Traditionally, acrylic partial dentures are used as a transitional or temporary solution.  Acrylic partials are often made before a patient has teeth extracted.  The partial is then delivered immediately after the teeth are extracted and it’s worn for a few months.  After the extraction sites have completely healed, a metal framework partial, implant, or bridge can be placed.  Although acrylic partials were traditionally made to serve as temporary fixes, today’s materials can provide patients with a dependable and cost-effective way to replace multiple missing teeth.

Using your new partial denture
Learning to insert your removable metal framework or acrylic partial is going to take a little practice.  The partial will feel a little awkward at first, but within a few days you should become accustomed quite nicely to putting it in and taking it out.  A well-made partial should attach fairly easily and should never require forcing.  You should never have to force it in, or bite down to force it into place. This could break the clasps, or even the teeth that support and hold the partial.

Your new partials should make eating easier again.  Until you become used to having the partial in place, softer foods are recommended.  In a short time, your new partial dentures will seem as normal to you as your own natural teeth.  Establish good habits in the beginning, and your partial should last for many years.

What are the steps in making a partial denture?

  • Initial impression: An initial impression is taken of the upper and lower arches, using stock trays and a low detail impression material.  These are used to make a model of the remaining teeth, gums, and jaw so that a custom tray can be fabricated.
  • Final impression: The custom tray that was made from the initial impression is loaded with a high detail impression material. Then, an impression of the arch for the partial is taken.  This makes a detailed model of that arch, enabling the denturist (someone who makes dentures and partials) to make the best possible fitting base plate or metal framework.  This is important because this is the part that sits against your gums and teeth, and provides the partial’s stability.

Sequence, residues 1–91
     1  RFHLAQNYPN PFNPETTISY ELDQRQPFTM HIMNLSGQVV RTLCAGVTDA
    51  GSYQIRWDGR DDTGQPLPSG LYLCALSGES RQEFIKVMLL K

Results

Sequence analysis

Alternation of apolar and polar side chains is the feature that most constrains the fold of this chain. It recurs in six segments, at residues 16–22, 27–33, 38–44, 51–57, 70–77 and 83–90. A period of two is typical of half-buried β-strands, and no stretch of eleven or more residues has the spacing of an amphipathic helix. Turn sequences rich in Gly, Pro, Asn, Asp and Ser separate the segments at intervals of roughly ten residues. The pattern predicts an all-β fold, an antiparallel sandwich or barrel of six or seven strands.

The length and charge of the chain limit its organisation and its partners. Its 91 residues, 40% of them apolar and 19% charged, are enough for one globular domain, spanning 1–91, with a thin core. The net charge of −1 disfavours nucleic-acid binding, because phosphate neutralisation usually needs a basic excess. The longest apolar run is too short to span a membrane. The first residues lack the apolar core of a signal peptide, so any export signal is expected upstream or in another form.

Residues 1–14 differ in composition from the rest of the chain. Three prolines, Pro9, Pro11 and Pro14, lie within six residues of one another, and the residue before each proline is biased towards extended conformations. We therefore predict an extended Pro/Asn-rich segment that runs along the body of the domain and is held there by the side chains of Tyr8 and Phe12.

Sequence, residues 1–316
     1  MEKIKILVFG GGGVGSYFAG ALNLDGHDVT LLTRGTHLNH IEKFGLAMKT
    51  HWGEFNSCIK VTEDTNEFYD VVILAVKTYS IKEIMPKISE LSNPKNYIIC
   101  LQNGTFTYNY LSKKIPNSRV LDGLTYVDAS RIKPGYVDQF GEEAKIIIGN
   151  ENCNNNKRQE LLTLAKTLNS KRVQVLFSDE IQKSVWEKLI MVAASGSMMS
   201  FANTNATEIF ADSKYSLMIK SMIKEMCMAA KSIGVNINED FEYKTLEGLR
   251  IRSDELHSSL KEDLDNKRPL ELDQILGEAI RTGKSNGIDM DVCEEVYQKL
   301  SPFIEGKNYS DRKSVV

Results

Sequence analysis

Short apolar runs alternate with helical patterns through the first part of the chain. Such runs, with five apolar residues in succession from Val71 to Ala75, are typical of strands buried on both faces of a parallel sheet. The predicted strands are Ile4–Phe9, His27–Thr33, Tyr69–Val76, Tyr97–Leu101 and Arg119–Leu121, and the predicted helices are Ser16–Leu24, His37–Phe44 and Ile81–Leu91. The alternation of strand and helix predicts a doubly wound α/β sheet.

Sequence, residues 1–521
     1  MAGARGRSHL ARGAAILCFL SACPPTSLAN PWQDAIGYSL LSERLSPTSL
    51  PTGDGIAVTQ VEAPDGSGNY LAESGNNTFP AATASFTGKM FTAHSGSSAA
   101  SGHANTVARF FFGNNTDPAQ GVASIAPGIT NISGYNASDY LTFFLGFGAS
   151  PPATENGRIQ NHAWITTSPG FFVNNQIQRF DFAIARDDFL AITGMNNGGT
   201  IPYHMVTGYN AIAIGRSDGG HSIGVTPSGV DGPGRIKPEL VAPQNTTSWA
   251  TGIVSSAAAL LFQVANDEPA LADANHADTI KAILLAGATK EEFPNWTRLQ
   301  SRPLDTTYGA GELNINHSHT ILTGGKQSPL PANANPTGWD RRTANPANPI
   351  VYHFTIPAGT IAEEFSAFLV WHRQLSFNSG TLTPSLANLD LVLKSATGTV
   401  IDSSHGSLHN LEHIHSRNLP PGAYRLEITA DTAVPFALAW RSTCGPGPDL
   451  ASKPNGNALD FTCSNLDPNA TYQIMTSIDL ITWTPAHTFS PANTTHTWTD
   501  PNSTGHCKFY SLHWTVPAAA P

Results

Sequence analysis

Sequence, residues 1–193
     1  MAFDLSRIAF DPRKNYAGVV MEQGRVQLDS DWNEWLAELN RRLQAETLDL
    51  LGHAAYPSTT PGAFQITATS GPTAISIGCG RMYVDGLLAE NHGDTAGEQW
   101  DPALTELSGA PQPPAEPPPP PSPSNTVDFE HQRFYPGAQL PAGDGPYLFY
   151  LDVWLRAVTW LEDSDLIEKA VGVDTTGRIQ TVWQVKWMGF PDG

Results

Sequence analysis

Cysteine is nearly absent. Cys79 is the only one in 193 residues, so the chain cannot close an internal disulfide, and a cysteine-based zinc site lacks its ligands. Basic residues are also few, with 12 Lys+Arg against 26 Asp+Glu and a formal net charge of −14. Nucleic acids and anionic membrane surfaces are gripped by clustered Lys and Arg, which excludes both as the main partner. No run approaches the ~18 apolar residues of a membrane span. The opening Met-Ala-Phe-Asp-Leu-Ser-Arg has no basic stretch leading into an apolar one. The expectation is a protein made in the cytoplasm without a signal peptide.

• Wax-Rim Bite Registration: Using the partial base plate or metal framework, the denturist adds a wax-rim in the shape of a U. The wax-rim is where the future teeth will be placed.  The dentist puts the wax-rim in your mouth and has you bite carefully.  This registers how you bite and provides important information about how your teeth and jaw align.  At this visit, you and the dentist choose the size, shape, and color of the future life-like false teeth, which the denturist will place in the wax-rim.
  • Teeth try-in wax: The teeth that were chosen by you and the dentist have now been installed in the wax-rim base plate or metal framework.  During this visit, you have a chance to approve the look of your teeth and the dentist checks your bite and other critical points.  If both parties are happy, the partial is sent off to be processed and finished.
  • Partial delivery: At this visit you finally get your finished partial.  The dentist checks the fit and function and makes any needed adjustments.
  • Partial adjustments: After delivery of your partial, it’s typical to need three to five adjustments over a period of time.  A few reasons for adjustments could be if the partial is causing a sore spot because it’s digging into your gum tissue, or if your bite feels uneven.  In rare occasions, you may not need an adjustment or you may require more than five.

What other options do I have besides a partial denture?
In some cases, a fixed partial denture is a great option. This is a partial that cannot be removed from your mouth and stays in place permanently. The two types we offer at Harvest Dental are a fixed dental bridge, and a fixed implant-supported bridge. You may call us at 469-812-7100 to arrange your visit with Drs. Horsley and Walker and learn if partial dentures are right for you.